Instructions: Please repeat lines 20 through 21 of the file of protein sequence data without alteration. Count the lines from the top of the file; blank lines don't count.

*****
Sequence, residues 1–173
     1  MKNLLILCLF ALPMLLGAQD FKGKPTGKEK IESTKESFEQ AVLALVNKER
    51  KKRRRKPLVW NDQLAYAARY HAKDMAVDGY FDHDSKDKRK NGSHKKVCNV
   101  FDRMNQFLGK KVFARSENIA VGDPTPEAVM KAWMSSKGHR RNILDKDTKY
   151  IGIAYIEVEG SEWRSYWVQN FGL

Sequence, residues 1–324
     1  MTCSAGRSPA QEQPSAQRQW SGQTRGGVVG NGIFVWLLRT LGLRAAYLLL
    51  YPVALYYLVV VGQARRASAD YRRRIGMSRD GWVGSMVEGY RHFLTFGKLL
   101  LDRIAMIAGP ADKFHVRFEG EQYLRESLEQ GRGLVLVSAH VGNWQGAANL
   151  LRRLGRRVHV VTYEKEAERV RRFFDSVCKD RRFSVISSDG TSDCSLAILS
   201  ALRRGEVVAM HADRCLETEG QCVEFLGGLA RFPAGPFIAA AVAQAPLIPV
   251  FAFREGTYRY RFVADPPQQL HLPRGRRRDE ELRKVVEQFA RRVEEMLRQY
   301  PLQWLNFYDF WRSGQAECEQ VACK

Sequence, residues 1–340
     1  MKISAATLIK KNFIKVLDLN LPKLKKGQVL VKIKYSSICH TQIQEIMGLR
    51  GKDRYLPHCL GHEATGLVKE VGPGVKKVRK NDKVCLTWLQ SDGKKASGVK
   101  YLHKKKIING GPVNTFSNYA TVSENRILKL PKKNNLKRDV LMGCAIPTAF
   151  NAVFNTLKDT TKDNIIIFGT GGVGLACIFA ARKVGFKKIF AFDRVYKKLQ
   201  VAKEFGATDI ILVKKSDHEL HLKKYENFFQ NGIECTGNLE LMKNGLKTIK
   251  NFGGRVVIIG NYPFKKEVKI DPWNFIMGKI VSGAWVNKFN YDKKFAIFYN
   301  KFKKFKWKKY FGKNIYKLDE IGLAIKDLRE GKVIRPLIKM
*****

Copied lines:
   251  NFGGRVVIIG NYPFKKEVKI DPWNFIMGKI VSGAWVNKFN YDKKFAIFYN
   301  KFKKFKWKKY FGKNIYKLDE IGLAIKDLRE GKVIRPLIKM